I was born to a newspaper pressman and a bank teller, and as far as small towns go, they were doing quite well financially. We had 2 acres out in the country with a big barn, a nice garden, a dog named Mac, a dogwood tree, and (my personal favorite) a white birch tree.
And then God intervened. And, as God often does, life changed dramatically. We moved from our large farmhouse on 2 acres to a single wide trailer when I was 8 years old. It was parked in a trailer park, surrounded by many other single wide trailers, and there were more neighbors in the surrounding quarter mile than may have existed in all of my rural surrounding community. Those four years were the start of my journey into realizing I could conquer new lifestyles and succeed fairly well through them.
The five of us were cramped in that 1,000 square foot living space. But, it never stopped my parents from having abnormal amounts of people visit us. My favorite visitor was probably the body builder (translation to an eleven year old girl: DROP.DEAD.GORGEOUS) that would cook us a dinner (chicken kiev is still a favorite of mine, thanks to Thom), laugh in a way that lit up his whole face, and let us climb all over him. In those four years of really uncomfortable living in an environment that was so unlike normal for my small-town-parents, they still managed to figure it out and make it the adventure of a lifetime for us.
This trailer park, with all of its people and mailbox lined streets, is where I learned to ride a bike for the first time. And eventually I rode my bike all throughout that community, but not before I crashed into several of those mailboxes … several times. At the end of our street, the park manager finally put a basketball hoop in – a necessity to all kids growing up in Indiana – and that became the destination of my bike rides almost every day. (Except, of course, for the days I would sneak out of the trailer park down to the local McDonald’s for a vanilla ice cream cone. But, don’t worry Mom – I really can only remember doing this once, as it scared me so much to ride on that “big city street”.)
We drew houses onto our small aluminum-car-port-covered concrete patio, and played for hours. Well, I drew them, and the other girls played in them. I had a bike to ride and ball to play. We used the soybeans from the farmer’s field behind us and the needles from the pine trees as “money” for … whatever it is that we pretended to “buy”. We would walk 5 trailers down to visit Karen and Kimi (Oh, I think those were their names!) and listen to music my parents might not otherwise let us get away with (which is where my love of Def Leppard came from). We played outside until the streetlights came on, and then ended the night with our parents in front of the very small antenna-driven television, eating popcorn and drinking kool-aid, but never daring to bring the cup we were all three sharing into the living room.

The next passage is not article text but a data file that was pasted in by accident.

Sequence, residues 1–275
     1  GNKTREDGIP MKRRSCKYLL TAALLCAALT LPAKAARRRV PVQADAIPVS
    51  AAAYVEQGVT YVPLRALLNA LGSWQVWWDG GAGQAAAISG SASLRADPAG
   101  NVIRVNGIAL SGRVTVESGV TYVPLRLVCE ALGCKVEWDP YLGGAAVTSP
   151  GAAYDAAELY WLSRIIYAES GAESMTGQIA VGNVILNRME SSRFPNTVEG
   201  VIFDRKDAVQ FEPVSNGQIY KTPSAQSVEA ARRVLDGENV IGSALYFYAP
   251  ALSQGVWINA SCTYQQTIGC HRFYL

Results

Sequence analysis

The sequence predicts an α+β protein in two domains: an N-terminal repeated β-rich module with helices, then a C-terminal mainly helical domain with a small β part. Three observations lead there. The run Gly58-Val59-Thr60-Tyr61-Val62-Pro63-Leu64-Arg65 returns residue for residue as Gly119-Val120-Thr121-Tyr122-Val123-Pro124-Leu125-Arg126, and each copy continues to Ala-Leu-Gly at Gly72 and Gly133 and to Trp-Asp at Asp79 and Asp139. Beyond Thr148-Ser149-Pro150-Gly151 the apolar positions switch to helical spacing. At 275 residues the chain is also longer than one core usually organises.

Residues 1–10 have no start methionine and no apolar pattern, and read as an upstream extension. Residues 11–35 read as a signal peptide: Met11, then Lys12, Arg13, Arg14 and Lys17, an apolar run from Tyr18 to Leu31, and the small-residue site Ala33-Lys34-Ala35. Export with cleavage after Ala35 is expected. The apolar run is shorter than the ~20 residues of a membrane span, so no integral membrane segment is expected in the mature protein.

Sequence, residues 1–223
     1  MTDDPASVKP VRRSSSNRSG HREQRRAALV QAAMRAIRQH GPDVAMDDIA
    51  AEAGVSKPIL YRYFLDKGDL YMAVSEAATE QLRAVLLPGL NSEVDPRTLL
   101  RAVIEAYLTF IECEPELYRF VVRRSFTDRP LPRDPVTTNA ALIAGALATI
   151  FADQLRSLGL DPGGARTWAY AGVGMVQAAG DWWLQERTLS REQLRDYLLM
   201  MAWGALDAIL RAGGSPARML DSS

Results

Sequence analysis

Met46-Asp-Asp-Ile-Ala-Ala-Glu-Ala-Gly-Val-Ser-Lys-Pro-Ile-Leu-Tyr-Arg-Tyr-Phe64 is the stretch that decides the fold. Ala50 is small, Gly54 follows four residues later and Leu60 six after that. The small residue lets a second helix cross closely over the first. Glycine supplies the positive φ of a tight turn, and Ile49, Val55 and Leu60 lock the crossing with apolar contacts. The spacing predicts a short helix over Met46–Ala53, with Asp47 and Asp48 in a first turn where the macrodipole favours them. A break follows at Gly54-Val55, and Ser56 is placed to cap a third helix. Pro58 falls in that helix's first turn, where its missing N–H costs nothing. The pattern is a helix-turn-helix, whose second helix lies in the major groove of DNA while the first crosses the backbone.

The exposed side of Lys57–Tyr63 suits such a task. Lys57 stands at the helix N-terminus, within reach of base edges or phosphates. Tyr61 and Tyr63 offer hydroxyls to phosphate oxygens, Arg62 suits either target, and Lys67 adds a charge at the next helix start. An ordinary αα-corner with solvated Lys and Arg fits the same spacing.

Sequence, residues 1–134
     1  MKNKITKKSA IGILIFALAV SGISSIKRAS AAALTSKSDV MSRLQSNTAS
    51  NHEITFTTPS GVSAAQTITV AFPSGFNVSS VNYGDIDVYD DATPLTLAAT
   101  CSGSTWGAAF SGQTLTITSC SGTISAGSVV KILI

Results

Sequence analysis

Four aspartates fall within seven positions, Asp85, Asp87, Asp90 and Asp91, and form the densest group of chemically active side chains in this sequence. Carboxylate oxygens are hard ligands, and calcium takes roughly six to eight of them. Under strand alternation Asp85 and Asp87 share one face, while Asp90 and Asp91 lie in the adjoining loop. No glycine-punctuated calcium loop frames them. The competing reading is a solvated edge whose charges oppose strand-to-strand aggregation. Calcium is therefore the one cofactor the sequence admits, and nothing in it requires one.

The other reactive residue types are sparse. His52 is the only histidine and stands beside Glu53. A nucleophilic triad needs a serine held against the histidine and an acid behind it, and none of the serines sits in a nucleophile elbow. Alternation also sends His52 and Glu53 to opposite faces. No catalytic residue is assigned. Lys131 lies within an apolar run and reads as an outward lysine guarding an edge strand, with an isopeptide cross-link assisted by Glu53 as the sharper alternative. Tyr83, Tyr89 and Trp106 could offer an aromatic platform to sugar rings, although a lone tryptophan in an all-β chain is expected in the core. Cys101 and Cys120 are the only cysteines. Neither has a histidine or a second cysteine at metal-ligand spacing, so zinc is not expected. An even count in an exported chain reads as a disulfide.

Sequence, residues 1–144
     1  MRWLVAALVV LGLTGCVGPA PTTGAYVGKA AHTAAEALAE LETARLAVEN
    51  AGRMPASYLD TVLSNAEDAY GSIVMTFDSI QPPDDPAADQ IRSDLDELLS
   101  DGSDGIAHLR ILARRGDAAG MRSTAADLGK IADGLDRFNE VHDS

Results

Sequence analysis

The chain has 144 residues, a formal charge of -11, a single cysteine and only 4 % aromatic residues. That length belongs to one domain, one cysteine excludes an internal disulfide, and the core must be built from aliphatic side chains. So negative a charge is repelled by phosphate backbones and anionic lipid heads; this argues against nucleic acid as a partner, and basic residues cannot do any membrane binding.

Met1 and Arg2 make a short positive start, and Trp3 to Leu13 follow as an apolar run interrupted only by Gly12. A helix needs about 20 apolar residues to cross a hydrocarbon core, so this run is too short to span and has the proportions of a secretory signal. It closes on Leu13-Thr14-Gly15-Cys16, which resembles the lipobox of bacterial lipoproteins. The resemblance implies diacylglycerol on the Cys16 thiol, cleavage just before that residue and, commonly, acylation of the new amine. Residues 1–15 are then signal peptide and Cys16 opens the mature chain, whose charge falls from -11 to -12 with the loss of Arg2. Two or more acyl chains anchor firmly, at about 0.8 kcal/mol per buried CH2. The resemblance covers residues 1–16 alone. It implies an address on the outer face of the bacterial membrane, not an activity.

I learned to shave my legs in my parents bathroom, with my dad’s razor and shaving cream, and I’ll never forget the day he came home from work and found my sister and I doing so.
We left the whole family in our small town to make a new start for ourselves, and I expected it to be a gigantic disaster, but instead, it turned out to be just one more step in learning that I can, indeed, accomplish the stranger aspects of a mobile lifestyle.
And that’s what struck me this morning as I was thinking back through my past four years as a Marine wife. I’m missing my dearest Marine Wife friends these days, and wishing that I somehow would meet other Marine Wives in this duty station that might make the next few months go more quickly. Marine wives, Marine wives, Marine wives…. I didn’t meet some people who were transplanted to that trailer park when they were 8 years old from a farmhouse that set on 2 acres, and then become happy because I knew others like me. I figured it out as I went along. I changed my life. I drew on sidewalk with chalk, because there was no dog to run down the hill to chase a stick anymore. I figured it out, moment by moment, and stopped wishing for what had been, and found new joy and peace in a different life.
Now, I’m not going to be able to let go of the desire to have some Grunt Wives friends. There’s nothing more amazing than having someone who completely understands where you’re coming from. But, I’m just going to pretend this townhouse complex is the trailer park and these people who surround me are my new adventure, which makes them only different from (not better nor worse than) what I was used to before. And, I think I’ll start using that sidewalk chalk.
Thanks for the knock on the head this morning, God.